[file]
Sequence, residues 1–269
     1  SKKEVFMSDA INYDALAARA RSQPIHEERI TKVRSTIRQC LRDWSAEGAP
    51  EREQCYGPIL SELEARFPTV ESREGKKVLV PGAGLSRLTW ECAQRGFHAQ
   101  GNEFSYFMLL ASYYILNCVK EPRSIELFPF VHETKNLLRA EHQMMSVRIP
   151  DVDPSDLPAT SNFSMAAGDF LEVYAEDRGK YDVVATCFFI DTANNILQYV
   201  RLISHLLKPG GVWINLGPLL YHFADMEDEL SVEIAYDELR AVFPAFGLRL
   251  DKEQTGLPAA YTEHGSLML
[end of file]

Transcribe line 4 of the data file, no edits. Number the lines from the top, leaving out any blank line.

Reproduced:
   101  GNEFSYFMLL ASYYILNCVK EPRSIELFPF VHETKNLLRA EHQMMSVRIP